Written by: Dr. Jacquie Jacob, University of Kentucky

The domesticated chicken is a descendant of the jungle fowl of Southeast Asia, whose natural habitat is forested areas. Today’s chickens have not lost the urge to roost, especially at night. Consequently, you may wish to include perches in your poultry housing. Laying hens make full use of perches. Meat-type chickens (broilers), due to their extra weight, typically do not use perches. Most waterfowl do not use perches; however, Muscovy ducks, like chickens, do prefer to roost.

Although it is not mandatory in the United States to include perches in poultry housing, research has shown that chickens prefer having them. Recent animal welfare legislation in the United Kingdom requires poultry growers to provide birds with perches, with a minimum of 15 centimeters per hen (about 6 inches per hen) of perch space under regular standards and 18 centimeters per hen (about 7 inches per hen) under organic standards. Moreover, there must be a minimum of 30 centimeters (about 12 inches) of horizontal space between perches and 20 centimeters (about 8 inches) between a perch and the wall. Also, the perches cannot have sharp edges.


Providing laying hens with perches is a way to relieve their stress and to reduce certain injuries and cannibalism. During the day, hens that are lower in the pecking order use the perches to escape pecking from more dominant hens. This ability to escape reduces the incidences of injury to the head and neck caused by aggressive pecking and cannibalism caused by severe feather pecking. At night, when all the hens perch, the more dominant hens take the higher perches.

Perches can play a role in manure management as well. Perches allow birds to stay off the floor, particularly during the night. Consequently, manure tends to accumulate under the roost area, and the rest of the bedding material in the house stays cleaner.

The use of perches also can affect egg laying. A higher level of floor eggs has been reported for flocks without access to perches.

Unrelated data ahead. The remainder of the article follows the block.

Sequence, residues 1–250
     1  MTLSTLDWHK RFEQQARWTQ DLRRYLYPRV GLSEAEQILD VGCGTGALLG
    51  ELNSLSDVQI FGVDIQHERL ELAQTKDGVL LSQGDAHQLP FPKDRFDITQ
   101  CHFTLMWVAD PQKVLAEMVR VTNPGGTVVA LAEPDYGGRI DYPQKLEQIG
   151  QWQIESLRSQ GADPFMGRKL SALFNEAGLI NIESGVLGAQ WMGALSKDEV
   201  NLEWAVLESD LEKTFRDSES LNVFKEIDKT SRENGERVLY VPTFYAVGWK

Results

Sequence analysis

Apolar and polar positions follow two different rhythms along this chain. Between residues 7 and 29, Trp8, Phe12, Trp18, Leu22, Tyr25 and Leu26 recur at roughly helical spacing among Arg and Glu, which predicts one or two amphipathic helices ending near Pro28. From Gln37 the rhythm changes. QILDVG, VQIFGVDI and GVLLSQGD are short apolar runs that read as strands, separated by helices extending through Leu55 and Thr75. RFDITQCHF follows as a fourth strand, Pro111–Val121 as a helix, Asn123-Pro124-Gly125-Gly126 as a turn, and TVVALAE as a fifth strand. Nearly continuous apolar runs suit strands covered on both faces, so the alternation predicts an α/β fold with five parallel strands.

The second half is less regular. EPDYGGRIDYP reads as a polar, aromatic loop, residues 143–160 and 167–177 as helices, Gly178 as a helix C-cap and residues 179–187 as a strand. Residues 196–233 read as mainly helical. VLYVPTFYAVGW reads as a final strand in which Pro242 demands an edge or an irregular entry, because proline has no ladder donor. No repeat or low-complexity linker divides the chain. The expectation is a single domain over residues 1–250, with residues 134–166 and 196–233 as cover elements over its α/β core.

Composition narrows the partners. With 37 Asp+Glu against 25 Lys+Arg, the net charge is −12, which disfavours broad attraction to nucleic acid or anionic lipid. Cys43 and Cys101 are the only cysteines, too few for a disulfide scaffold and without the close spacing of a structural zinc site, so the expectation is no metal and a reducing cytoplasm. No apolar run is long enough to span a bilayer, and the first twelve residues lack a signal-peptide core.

Domesticated chickens are considerably heavier than the mature jungle fowl, and the modern chicken has a relatively smaller wing surface area. These traits make the modern chicken an awkward flier. As a result, often an increase in keel injuries exists in chickens with access to perches, due to misjudged landings.

Research from 2010 and 2011 showed that the use of perches is associated with a higher incidence of skeletal damage (such as bone fractures and keel deformations) and fat pad lesions. Additional research is under way to determine the best materials and design of perches to reduce the incidences of these issues.


If you plan to include perches in your poultry housing, you should introduce the perches to the flock when the birds are still young. Rearing chickens without early access to perches has been shown to impair their ability to use the perches as adults.

Location and placement of perches are important. Locate perches in an area of the house where they will not interfere with the daily care of the birds, including feeding, watering, and egg gathering. Also, the roosts should be removable to allow you to clean out the manure that accumulates under them. Place the lowest perch about 3 feet off the floor to minimize the opportunity for other chickens to feather peck a chicken using this roost. Consider the vertical distance between perches too. If the vertical distance between perches is too large, it is more likely that the chickens will misjudge their landings and collide with perches, thereby injuring their keels. Also, chickens find it difficult to land safely on perches when jumping down, so ensure that there is sufficient floor space to allow the chickens to land safely when leaving the higher perches.

Perch shapes and the materials used to make perches vary. Europeans typically use round iron tubes for perches to minimize infestations of red mites (Dermanyssus gallinae), which don’t like such perches. However, these perches are associated with a higher risk of keel deformations. Some flock owners have used plastic perches with mushroom shapes, but red mites hide during the day in the areas where these perches are connected to each other. Wooden perches also are very sensitive to red mites. In Europe, the presence of red mites is a more significant problem for poultry producers than keel deformations, so European producers prefer the iron tube perches. If red mites are not a concern, wooden perches are the best option because more layers use perches if the perches are square rather than round.